Top 5 biases to avoid in data science

In data science, there are some important unconscious biases to steer clear of. Tom Merritt lists five biases for data scientists to keep in mind.

Top 5 biases to avoid in data science

Bias isn't necessarily bad--it's our mind's way of being able to make a decision quick. It's an evolutionary advantage. For example, I have an absolute bias against walking out in front of moving cars. However, you need to be aware of what your biases are to know when they're serving you well and when they're getting in the way or making things worse. Data science is fertile ground for unconscious bias to cause problems. If you're not aware of your bias, you can easily draw wrong or even dangerous conclusions. Here are five biases for data scientists to keep in mind.

  1. Selection (or sample) bias. This one is easy to fall into. It happens when the selected data is not representative of the cases the model will see. An all too frequent example of this is facial recognition trained predominantly on images of people with fair skin leading to algorithms that can't accurately identify people with darker skin.
  2. Confirmation bias. This is where you toss out information that doesn't fit your preconceived notion--and it can be subconscious as all get out. You have to work hard to take in new data with an open mind.
  3. Survivorship bias. This is where you select your data points because they're successful. Looking for data on what makes a product succeed? Don't just choose the successful products, you need data from the failures and the middle performers too.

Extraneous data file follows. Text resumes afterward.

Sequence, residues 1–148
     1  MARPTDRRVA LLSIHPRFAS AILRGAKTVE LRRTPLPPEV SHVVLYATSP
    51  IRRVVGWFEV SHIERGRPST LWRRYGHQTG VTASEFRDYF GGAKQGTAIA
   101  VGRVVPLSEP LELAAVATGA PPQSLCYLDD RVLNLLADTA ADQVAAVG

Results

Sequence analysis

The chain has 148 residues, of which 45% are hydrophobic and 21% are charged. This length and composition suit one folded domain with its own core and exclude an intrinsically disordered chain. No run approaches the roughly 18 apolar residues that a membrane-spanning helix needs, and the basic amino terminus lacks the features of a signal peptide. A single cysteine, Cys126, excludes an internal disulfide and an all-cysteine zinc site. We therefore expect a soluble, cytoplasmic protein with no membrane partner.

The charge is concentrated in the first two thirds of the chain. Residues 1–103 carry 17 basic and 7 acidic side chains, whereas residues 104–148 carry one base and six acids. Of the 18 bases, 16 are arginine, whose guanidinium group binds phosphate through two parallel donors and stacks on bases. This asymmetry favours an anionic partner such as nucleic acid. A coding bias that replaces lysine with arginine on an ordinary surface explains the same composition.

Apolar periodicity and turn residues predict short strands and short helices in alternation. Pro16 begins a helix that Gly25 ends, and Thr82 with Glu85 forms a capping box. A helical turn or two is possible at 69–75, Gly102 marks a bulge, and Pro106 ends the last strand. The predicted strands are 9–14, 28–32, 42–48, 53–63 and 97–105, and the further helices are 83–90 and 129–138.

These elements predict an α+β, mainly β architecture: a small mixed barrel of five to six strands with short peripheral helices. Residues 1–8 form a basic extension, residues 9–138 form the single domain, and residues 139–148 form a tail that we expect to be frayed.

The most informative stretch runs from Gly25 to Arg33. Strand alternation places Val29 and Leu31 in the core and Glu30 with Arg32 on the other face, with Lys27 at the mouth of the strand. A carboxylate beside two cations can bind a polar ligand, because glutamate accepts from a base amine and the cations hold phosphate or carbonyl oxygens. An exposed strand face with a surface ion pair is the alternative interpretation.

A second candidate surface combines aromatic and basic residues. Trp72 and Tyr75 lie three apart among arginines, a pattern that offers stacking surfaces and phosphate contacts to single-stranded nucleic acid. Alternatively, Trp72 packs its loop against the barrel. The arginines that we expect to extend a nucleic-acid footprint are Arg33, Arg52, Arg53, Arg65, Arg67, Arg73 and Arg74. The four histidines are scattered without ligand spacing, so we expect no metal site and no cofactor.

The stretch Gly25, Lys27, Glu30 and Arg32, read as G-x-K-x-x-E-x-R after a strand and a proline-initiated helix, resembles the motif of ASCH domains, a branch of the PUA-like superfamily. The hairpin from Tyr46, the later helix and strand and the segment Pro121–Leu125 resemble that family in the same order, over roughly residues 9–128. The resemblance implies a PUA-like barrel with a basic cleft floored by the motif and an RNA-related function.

4. Availability bias. This is where you use the data that's easy to get. You need to look at all the data points that reasonably might inform your analysis, not just the stuff that's around. The menu from the Mexican restaurant last night is not a great data set for a nutritional study. A related bias is anchoring, where we give more importance to the first bit of data we get only because it was first.
  5. False causality. A great example is that a large cluster of firemen correlates with higher property damage. Obviously these firemen are causing property damage. Or, do more damaging fires need more firemen? A similar one to avoid is the clustering illusion--sometimes random things cluster.

There are a lot more where these came from and I know you've probably heard of all of them. Just make sure you don't let your guard down against them. Remember, the weak link in data science is often our brains. If you know how your brain works and correct its quirks, you've improved how well the whole system works.

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